Find the rest of the Directors Day articles and the full Top 60 Countdown
However, before I even get to my film list, I must mention a TV project of Scorsese's that I absolutely LOVED. This was the single season, ten episode, brilliance of Vinyl, co-created by Scorsese with series writer Rich Cohen, Mick Jagger (yes, that Mick Jagger) and Terence Winter of Sopranos, Wolf of Wall Street and Boardwalk Empire fame - how could it NOT be good, right? Set in the 1970's burgeoning New York music industry, Vinyl followed the fortunes of record executive Richie Fenestra, played by the sublime Bobby Cannavale, as he tries to save his failing label at Century Records, having turned down a buy out offer from Polygram, against the backdrop of organised crime, murder, sex, drugs and music... oh the music.
Anyway, I digress. Here's my choices for my top 5 Scorsese films (that I have seen so far.)
5) The Color of Money
Eddie Felson: The balls roll funny for everybody, kiddo.
The 25-years-in-the-making sequel to The Hustler sees Paul Newman return to his character of Fast Eddie from that film in training up a kid to take over the business. That kid was Tom Cruise (and I think we can fairly safely say he did take over the business, in more ways than one). Quite a departure from previous Scorsese films, this one didn't do well with either critics or box-office at the time but I implore you to revisit it, as it really is an oft-overlooked gem.
4) The Last Temptation of Christ
Pontius Pilate: It's one thing to want to change the way people live... but you want to change how they think, how they feel.
Yes, really. This was Scorsese's only R-rated film to date that didn't have any swearing in and was actually banned for quite a while because of its perceived blasphemy for daring to question religious beliefs and for portraying the Christian god as a mere man, in all his weakness. The acting from both Willem Dafoe in the title role and Harvey Keitel as Judas was top-notch, the cinematography and music score were beautiful and this is altogether a film not to be written off as purely for (or NOT for) religious types.
Henry Hill: For as long as I can remember I always wanted to be a gangster. To me that was better than being president of the United States. To be a gangster was to own the world.
What? Goodfellas only at number 3? Well, yeah. It's my list. And, while I would agree with you that this is probably one of the best mob-related films ever, yes, even better than The Godfather film, I still think there are better Scorsese films. However this one is great. It has a stellar cast, the acting by Ray Liotta, Robert DeNiro, Joe Pesci, Lorraine Bracco et al was pretty near perfect, and marvellous camera work all brought together under the guiding hand of a master in Scorsese's direction.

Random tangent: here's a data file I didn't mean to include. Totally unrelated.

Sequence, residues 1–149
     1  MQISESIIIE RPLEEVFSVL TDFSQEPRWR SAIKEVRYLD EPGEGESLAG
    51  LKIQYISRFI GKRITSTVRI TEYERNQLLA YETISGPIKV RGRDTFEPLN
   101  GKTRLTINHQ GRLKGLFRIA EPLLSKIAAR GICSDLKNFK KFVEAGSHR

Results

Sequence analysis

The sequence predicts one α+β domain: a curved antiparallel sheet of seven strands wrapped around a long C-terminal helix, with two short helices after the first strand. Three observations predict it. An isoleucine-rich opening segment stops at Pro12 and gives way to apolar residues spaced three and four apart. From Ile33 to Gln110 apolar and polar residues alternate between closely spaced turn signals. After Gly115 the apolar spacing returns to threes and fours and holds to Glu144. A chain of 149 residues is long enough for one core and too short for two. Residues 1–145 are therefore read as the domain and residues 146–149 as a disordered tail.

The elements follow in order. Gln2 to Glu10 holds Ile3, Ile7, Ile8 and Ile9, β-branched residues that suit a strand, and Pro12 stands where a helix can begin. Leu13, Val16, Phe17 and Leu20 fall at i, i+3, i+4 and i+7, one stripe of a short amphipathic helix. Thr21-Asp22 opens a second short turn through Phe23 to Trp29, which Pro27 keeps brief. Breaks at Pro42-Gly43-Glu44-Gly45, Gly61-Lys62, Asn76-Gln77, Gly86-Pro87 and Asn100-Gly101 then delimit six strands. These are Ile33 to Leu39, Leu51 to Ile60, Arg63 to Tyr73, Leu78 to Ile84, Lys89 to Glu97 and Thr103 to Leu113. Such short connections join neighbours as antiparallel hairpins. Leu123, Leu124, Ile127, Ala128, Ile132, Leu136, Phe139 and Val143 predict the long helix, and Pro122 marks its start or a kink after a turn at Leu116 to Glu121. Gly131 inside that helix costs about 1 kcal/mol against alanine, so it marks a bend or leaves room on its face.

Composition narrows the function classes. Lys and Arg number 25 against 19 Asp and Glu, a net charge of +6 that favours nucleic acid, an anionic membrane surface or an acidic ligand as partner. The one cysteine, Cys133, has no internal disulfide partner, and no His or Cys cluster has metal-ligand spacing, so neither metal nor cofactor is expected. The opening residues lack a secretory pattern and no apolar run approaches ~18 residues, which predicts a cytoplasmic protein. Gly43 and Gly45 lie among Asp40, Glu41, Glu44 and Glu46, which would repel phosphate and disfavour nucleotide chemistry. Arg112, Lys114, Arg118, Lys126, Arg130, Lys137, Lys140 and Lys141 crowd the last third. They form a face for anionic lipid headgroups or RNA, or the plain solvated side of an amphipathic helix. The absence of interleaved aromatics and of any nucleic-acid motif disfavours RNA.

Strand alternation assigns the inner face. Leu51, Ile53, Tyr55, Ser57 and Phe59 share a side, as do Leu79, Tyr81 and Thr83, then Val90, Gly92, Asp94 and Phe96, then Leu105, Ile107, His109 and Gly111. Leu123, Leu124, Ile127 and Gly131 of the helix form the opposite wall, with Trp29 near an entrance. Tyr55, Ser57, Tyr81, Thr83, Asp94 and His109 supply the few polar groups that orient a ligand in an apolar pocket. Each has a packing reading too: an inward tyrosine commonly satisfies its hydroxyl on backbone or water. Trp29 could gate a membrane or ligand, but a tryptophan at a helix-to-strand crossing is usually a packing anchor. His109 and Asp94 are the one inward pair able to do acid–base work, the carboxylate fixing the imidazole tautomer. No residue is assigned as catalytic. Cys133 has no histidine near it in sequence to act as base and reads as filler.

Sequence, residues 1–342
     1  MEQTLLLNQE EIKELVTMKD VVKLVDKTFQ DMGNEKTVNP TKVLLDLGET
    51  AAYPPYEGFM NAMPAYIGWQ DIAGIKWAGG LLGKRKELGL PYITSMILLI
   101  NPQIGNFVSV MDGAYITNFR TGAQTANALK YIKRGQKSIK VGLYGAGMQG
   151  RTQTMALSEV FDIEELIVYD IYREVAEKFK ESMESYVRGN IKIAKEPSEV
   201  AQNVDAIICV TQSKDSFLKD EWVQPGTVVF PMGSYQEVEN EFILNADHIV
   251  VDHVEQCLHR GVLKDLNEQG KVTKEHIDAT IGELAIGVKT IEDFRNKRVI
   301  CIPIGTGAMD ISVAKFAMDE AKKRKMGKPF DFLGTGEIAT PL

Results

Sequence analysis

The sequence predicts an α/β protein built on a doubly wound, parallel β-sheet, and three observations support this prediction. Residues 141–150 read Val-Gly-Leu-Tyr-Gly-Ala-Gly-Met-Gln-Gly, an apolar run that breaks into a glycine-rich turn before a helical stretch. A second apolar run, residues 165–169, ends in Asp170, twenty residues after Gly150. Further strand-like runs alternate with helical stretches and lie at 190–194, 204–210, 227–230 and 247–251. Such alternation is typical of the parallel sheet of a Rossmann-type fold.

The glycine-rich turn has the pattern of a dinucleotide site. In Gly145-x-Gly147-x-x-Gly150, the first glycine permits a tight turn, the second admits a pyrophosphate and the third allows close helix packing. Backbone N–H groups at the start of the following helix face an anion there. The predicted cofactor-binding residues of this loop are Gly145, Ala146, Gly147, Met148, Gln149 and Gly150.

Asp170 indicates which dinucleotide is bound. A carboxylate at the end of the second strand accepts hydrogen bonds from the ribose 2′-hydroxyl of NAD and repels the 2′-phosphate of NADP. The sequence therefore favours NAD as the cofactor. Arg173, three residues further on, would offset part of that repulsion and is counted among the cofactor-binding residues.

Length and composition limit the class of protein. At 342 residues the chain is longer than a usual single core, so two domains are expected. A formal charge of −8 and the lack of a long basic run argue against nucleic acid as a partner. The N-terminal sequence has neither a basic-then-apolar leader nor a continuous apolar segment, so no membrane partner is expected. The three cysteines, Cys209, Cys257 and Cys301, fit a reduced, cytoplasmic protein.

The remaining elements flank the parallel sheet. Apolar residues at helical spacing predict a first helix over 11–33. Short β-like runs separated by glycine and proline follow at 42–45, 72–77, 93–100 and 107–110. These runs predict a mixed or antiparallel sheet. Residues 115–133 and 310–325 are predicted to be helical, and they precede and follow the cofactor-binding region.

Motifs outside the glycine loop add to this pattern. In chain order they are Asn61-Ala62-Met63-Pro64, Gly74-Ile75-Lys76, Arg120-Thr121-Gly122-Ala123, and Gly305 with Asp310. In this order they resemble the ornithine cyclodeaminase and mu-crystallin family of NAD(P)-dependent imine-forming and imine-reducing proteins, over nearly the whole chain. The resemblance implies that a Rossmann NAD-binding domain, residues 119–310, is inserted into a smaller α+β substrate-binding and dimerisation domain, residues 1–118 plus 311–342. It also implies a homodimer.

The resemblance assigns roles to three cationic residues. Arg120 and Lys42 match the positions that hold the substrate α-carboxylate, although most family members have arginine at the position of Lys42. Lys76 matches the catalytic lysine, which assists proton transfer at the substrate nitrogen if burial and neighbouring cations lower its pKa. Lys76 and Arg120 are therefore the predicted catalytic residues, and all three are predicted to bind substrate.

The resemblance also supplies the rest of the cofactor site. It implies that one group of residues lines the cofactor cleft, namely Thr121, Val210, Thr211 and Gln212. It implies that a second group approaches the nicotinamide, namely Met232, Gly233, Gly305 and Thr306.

2) Taxi Driver
Travis Bickle: Loneliness has followed me my whole life, everywhere. In bars, in cars, sidewalks, stores, everywhere. There's no escape. I'm God's lonely man.
De Niro and Scorsese just work so well together, don't they? Each just really seems to bring out the best in the other, and Taxi Driver is a stunning example of that. Between them they bring such depth and subtlety to the darkness in this film. There's a bleak inevitability behind the violence, a pathos behind the brutality that makes it a truly character led piece. Nobody else could have played Travis Bickle with such broken loneliness in such a minimalistic way and nobody but Scorsese could have got that performance out of him. So what possibly could beat this film?
1) Raging Bull
Joey LaMotta: If you win, you win. If you lose, you still win.
The dream team of Scorsese, De Niro and screen-writer Paul Schrader come together again to make the true-story boxing film that isn't really about boxing. Although De Niro won his Oscar this time for his portrayal of Jake LaMotta, having been nominated previously for Taxi Driver, Raging Bull was the first time Scorsese got an Oscar nomination and it's easy to see why; he really pushed the boundaries. He made a very brave decision, at the time, to film it all in black and white, because that was how he remembered watching the boxing bouts of his youth. The fight scenes themselves, both in and out of the ring, are brutal, violent and intense and the use of sound in the film, particularly the utter silence between rounds is shockingly tangible. All this was storyboarded and planned beforehand by Scorsese then brought vividly to the screen by the Oscar winning editing talent of Thelma Shoonmaker. This is not a film for the faint-hearted but it is a film that really must be seen as a study of man, the animal.
Images & quotes - IMDb